Maiolica Olé: Spanish and Mexican Decorative Traditions featuring the collection of the Museum of International Folk Art, by Florence C. Lister and Robert H. Lister with Foreword by Robin Farwell Gavin. 2001, Museum of New Mexico Press, paperback $32.50, ISBN 0-89013-389-1, also in hardback. 176 pages, 160 color plates.
Maiolica is hot right now. Very collectable and sought after. This book highlights 144 examples of historical pieces made between the 17th and 18th centuries. Mexican maiolica began with the Spanish conquest in 1521.
This is a beautiful book that will make collectors very happy to get additional reference material. The pictures are wonderful and show the pieces, flaws, wear, and all. There is a bibliography for additional references as well as a full list of illustrations. We applaud whenever a museum takes the time to document collections and expand on the research associated with it. Collectors will love it.
Arte Latino: Treasures from the Smithsonian Museum by Jonathan Yorba. 2001, Smithsonian Institution and Watson-Guptill Publications, paperback, $19.95, 112, 50 color photos, ISBN 0-8230-0321-3.
Any time we can see and appreciate some of the wonderful things that Smithsonian has in its collection, it’s a good day. I only wish this book had been available when we saw this traveling exhibit in El Paso. But the exhibit will be in Santa Fe at the Museum of Fine Arts from late June until September. So we will get a second chance to see the pieces with the background information.
The exhibit has art from many Latino origins: New Mexico, Puerto Rico, Mexico, California, Cuba, Guatemala, and maybe others but only three of the fifty artists are identified as to place of birth. Odd? But in any case the book is very nice and the color photos of the pieces are wonderful. Some of the New Mexicans represented are: Pedro Antonio Fresquis, Gloria López Córdova, Charlie Carrillo, Ramón José López, Felix López, Horacio Valdez, Irvin Trujillo, Luis Tapia, José Benito Ortega.
For those who love to see New Mexican devotional art in the context of international Latino art, this is a well done and quality publication. Get it at the Museum of Fine arts store in June.
El Favor De Los Santos, Produced by KRWG-TV New Mexico State University, $25 plus shipping and handling. 56 minutes & 38 seconds.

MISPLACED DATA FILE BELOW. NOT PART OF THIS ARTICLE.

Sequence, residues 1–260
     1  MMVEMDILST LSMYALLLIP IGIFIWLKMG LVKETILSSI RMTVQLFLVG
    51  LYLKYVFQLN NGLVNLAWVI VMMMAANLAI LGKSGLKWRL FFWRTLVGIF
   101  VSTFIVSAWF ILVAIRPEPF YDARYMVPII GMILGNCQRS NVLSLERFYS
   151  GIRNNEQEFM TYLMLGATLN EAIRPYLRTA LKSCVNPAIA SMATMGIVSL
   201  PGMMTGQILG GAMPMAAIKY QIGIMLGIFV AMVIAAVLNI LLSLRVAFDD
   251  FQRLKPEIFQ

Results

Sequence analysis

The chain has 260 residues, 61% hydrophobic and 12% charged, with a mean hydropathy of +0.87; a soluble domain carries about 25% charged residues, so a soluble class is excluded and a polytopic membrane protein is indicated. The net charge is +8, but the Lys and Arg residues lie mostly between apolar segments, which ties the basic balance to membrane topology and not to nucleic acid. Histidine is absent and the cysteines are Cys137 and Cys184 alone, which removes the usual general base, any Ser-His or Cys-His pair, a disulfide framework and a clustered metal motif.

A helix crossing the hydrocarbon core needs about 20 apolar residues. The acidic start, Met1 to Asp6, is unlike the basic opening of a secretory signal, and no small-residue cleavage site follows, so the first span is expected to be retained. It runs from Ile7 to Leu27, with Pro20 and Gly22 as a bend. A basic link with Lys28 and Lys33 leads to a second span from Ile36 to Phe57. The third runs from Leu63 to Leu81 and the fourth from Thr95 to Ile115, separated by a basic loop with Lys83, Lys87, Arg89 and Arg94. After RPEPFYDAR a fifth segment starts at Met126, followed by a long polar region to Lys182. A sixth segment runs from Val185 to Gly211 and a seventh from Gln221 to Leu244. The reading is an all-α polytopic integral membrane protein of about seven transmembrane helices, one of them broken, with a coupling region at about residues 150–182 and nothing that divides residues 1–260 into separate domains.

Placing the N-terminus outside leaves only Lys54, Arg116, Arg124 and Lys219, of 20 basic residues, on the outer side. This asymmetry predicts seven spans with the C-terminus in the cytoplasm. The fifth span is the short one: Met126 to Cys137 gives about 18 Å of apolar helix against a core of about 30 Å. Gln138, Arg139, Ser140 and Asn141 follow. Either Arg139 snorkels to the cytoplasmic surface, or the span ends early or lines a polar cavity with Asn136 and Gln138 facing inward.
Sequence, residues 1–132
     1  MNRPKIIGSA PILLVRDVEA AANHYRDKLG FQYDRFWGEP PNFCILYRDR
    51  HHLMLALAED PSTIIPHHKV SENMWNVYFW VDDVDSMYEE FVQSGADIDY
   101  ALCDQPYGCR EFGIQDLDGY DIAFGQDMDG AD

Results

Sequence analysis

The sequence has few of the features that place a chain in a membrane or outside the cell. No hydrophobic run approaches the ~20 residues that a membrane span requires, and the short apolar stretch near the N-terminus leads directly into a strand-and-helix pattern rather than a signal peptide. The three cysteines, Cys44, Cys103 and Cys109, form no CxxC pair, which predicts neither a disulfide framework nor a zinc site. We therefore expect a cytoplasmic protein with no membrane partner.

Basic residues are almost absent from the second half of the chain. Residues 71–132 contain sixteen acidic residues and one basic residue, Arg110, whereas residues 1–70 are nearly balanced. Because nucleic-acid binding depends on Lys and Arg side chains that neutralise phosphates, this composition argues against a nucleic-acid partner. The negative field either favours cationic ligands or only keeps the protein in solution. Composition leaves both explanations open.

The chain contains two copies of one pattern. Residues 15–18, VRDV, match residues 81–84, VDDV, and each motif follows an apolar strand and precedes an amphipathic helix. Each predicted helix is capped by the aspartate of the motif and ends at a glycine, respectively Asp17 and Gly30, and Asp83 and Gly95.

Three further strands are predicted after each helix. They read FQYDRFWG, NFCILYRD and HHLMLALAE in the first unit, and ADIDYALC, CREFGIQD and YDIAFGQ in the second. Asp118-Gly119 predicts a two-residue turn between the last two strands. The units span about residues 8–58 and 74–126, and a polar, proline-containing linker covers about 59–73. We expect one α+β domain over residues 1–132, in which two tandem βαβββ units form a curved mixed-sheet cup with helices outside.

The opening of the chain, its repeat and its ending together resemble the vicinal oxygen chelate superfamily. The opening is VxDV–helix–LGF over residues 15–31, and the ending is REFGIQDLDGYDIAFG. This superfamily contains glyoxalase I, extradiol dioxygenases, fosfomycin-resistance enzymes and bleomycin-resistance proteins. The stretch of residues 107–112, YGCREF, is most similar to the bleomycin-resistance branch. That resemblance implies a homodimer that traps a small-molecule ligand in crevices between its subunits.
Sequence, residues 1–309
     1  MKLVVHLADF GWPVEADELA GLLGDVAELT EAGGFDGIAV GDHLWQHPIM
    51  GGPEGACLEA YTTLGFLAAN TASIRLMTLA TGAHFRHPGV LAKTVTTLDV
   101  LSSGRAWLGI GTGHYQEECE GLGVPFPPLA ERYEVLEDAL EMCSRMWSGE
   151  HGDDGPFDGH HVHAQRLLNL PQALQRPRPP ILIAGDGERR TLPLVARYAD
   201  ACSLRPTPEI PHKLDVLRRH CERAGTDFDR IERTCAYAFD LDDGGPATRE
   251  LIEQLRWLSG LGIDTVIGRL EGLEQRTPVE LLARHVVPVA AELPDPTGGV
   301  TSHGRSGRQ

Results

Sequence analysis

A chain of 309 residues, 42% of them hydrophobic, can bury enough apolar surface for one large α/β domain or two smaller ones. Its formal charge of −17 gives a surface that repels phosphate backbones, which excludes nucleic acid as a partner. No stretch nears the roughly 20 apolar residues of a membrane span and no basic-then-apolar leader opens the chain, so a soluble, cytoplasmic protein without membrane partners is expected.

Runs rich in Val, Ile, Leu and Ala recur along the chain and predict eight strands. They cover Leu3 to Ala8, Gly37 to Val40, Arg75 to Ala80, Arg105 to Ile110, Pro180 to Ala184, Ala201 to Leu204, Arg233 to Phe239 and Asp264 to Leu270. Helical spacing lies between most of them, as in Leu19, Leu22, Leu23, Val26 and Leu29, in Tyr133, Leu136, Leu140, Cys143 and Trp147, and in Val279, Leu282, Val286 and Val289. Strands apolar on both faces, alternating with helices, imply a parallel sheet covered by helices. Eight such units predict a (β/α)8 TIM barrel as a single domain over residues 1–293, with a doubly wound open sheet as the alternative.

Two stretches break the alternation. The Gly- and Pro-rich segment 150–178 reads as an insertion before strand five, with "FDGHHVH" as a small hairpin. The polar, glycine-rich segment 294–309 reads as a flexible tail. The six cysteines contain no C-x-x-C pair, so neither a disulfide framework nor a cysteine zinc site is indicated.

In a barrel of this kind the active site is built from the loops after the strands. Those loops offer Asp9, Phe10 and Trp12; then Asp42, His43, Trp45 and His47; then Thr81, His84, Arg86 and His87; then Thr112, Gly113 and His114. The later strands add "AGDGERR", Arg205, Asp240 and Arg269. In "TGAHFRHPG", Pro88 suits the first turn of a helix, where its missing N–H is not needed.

The folks at KRWG-TV (Las Cruces PBS affiliate) are very proud of their video El Favor De Los Santos. And with good reason. In 2001 it won a documentary emmy for the region and the Hispanic Journalism TV Photos First Place award. We like it because someone had the foresight to do both a wonderful book on the exhibit and this video so the exhibit would live on for those who appreciate and those who do research.
The video is the highest quality showing selected retablos and ex votos from the exhibit but more importantly putting the tradition in context all the way back to the Aztecs. It links the traditions in Mexico and New Mexico seamlessly. Many guests talk about their history with the images. One particlularly interesting older lady talked about how the santos are like lawyers who interceed for us with God. The video is a great overview for religious history classes. We highly recommend this video.
Casa Mañana: The Morrow Collection of Mexican Popular Arts, edited by Susan Danly, Introduction by Ilan Stevans. 2002 University of New Mexico Press, Hardback, $32.95, ISBN 0-8263-2805-9, 211 pages, 34 color photos and 90 B&W.
Dwight Morrow was Ambassador to Mexico from the United States in the late 1920s. He and his wife Elizabeth fell in love with the folk art of Mexico and collected it while there. Casa Mañana was their weekend home in Cuernavaca, Mexico. In it was their textile, pottery, and lacquerware trays. In 1955 one hundred and fifty-five pieces of their collection were donated to the Mead Art Museum at Amherst College.